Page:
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Swap and Memory Pressure: How Developers think to how Operations people think

There is a very useful and interesting article by Chris Down: “In defence of swap: common misconceptions“. Chris explains what Swap is, and how it provides a backing store of anonymous pages as opposed to the actual code files, which provide backing store for file based pages.

I have no problem with the information and background knowledge he provides. This is correct and useful stuff, and I even learned a thing about what cgroups can do for me.

I do have a problem with some attitudes here. They are coming from a developers or desktop perspective, and they are not useful in a data center. At least not in mine. :-)

Chris writes:

Swap is primarily a mechanism for equality of reclamation, not for emergency “extra memory”. Swap is not what makes your application slow – entering overall memory contention is what makes your application slow.

And that is correct. The conclusions are wrong, though. In a data center production environment that does not suck, I do not want to be in this situation. If I am ever getting into this situation, I want a failure, I want it fast and I want it to be noticeable, so that I can act on it and change the situation so that it never occurs again.

That is, I do not want to survive. I want this box to explode, others to take over and fix the root cause. So the entire section »Under temporary spikes in memory usage« is a DO NOT WANT scenario.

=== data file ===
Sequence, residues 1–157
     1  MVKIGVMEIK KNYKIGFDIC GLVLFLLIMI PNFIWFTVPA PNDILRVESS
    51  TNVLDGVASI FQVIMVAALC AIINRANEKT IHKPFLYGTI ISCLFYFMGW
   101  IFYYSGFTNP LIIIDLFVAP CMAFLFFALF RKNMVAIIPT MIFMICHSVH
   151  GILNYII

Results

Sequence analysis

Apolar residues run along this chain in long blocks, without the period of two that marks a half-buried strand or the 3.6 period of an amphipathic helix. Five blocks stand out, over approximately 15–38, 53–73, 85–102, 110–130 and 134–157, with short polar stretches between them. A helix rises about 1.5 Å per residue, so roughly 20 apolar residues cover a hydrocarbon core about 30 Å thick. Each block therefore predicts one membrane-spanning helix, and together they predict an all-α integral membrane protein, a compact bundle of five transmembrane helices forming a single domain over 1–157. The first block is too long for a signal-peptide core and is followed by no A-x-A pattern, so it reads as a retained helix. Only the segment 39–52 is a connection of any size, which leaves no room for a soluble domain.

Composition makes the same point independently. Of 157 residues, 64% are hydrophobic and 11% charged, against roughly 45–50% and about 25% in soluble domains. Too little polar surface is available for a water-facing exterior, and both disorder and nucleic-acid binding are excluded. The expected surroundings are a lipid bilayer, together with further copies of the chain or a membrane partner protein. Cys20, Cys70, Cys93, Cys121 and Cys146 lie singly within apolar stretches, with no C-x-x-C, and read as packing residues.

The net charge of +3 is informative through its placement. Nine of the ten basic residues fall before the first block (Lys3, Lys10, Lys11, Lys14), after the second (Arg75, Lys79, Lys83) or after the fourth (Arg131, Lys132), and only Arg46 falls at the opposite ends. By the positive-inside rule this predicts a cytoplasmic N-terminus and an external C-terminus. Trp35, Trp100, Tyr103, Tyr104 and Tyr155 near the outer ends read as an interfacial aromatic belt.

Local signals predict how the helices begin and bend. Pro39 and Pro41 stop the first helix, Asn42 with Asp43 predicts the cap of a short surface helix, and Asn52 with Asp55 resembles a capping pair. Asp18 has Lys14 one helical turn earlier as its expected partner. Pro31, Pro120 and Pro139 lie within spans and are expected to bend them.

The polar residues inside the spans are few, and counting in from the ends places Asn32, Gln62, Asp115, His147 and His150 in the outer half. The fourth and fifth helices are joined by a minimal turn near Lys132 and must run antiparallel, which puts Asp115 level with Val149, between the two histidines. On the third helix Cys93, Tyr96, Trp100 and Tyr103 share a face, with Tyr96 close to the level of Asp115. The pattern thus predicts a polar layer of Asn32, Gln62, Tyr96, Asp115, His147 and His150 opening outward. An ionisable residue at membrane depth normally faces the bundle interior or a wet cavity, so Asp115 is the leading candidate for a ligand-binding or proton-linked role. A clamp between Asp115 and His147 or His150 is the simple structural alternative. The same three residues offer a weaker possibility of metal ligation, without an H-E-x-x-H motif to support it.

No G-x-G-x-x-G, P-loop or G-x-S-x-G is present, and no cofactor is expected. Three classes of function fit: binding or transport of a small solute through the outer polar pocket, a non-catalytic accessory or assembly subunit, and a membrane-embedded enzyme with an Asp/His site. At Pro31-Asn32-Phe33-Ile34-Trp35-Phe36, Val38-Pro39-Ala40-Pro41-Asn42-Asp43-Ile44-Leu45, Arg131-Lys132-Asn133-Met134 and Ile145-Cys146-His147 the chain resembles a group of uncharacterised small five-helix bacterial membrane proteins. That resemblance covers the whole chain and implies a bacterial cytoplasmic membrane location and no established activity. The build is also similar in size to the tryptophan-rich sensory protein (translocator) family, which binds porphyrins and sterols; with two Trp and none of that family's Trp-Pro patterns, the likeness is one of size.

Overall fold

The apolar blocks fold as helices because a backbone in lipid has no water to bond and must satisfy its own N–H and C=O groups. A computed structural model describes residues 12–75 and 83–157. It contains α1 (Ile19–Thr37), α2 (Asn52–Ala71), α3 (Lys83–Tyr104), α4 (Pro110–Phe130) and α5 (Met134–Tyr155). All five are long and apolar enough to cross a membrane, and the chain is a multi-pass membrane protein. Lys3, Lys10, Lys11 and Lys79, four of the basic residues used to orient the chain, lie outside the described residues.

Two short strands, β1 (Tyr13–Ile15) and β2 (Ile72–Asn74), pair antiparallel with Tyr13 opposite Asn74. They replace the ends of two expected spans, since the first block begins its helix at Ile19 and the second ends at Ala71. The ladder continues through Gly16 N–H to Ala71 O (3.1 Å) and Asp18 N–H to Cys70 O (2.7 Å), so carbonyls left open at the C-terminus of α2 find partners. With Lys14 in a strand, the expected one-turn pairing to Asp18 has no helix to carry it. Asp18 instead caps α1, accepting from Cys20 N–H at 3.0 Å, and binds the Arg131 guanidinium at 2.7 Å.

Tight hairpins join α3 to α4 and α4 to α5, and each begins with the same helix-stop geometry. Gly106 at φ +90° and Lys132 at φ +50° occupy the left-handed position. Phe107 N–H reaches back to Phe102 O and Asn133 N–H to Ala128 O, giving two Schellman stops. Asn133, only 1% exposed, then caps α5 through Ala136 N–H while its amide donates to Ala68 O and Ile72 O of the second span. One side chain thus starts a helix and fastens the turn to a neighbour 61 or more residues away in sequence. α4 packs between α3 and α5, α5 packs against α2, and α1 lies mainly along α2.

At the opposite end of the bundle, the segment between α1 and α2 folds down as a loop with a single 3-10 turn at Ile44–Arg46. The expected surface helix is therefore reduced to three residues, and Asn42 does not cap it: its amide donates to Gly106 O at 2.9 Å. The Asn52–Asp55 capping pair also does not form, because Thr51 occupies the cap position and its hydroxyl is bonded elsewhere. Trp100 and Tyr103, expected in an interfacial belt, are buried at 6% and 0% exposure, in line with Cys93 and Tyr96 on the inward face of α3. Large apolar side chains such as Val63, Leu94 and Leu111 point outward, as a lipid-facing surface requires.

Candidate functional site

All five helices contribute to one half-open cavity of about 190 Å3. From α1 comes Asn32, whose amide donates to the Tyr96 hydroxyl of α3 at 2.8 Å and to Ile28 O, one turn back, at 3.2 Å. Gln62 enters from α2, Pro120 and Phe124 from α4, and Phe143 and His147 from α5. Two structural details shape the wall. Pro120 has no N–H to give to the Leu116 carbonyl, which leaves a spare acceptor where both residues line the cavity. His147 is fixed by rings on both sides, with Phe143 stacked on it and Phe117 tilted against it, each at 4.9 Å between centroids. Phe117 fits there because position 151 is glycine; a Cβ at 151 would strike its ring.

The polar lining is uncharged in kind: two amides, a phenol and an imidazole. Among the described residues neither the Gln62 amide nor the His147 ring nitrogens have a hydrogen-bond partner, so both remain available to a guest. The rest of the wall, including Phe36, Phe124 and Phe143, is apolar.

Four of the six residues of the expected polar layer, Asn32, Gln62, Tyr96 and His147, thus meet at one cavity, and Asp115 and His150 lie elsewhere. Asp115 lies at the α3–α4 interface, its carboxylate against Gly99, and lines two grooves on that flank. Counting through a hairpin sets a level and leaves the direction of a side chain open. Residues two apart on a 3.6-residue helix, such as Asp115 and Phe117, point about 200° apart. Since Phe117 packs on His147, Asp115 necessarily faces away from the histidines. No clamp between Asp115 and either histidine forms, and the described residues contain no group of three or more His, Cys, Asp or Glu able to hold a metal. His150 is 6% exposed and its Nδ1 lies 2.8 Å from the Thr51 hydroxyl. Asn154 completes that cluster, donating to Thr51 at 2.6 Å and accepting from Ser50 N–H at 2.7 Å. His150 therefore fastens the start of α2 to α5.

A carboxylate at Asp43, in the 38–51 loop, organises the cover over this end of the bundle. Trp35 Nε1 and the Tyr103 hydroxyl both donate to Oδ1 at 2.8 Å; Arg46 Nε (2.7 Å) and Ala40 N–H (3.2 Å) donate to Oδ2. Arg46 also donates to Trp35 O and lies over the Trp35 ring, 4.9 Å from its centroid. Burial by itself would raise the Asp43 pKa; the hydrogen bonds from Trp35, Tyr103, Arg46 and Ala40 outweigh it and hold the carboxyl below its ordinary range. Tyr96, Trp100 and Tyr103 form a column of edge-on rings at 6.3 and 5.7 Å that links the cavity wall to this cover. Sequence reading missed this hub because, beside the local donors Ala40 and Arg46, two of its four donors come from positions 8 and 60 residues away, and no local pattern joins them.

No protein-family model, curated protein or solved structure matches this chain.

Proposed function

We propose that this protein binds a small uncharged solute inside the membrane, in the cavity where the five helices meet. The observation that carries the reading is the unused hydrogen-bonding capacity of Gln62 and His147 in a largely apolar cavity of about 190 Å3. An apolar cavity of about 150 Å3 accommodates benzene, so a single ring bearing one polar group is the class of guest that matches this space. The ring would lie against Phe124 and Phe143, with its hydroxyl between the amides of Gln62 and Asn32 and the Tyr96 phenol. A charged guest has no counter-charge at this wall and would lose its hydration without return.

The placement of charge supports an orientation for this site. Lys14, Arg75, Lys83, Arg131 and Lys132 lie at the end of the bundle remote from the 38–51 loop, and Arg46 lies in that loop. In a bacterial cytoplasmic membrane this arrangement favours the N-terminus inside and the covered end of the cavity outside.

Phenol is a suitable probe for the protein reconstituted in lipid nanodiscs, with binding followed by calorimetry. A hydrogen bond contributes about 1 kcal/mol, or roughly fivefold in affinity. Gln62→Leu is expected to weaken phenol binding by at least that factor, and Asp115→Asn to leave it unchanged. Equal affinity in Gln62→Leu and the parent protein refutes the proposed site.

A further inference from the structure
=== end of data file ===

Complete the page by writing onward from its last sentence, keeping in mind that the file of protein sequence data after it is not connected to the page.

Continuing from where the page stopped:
Chris also assumes a few weird things, from a production POV: He already states that »If you have a bunch of disk space and a recent (4.0+) kernel, more swap is almost always better than less. In older kernels kswapd, one of the kernel processes responsible for managing swap, was historically very overeager to swap out memory aggressively the more swap you had.« and production sadly is in many places still on pre-4.0 kernels, so don’t have large swap.

He also mentions »As such, if you have the space, having a swap size of a few GB keeps your options open on modern kernels. […] What I’d recommend is setting up a few testing systems with 2-3GB of swap or more, and monitoring what happens over the course of a week or so under varying (memory) load conditions.«. Well, I have production boxes with 48 GB, 96 GB or even 192GB of memory. “A few GB of swap” aren’t going to cut this. These are not desktops or laptops.

Dumping or loading, or swapping 200GB of core take approximately 15 minutes on a local SSD, and twice that time on a rotating disk, though, so I am not going to work with very large swaps, because they can only be slower than this. I simply cannot afford critical memory pressure spikes on such a box, and as an Ops person, I configure my machines to not have them, and if they happen, to blow up as fast as possible.

What I also would want is better metrics for memory pressure, or just the amount of anon pages in the system. »Determination of memory pressure is somewhat difficult using traditional Linux memory counters, though. We have some things which seem somewhat related, but are merely tangential – memory usage, page scans, etc – and from these metrics alone it’s very hard to tell an efficient memory configuration from one that’s trending towards memory contention. « I agree on this.

I wonder if there is a fast and lock free metric that I can read that tells me the amount of unbacked, anon pages per process and for the whole system? One that I can sample in rapid succession without locking up or freezing a system that has 200GB of memory in 4 KB pages (the metric can be approximate, but reading it must not lock up the box).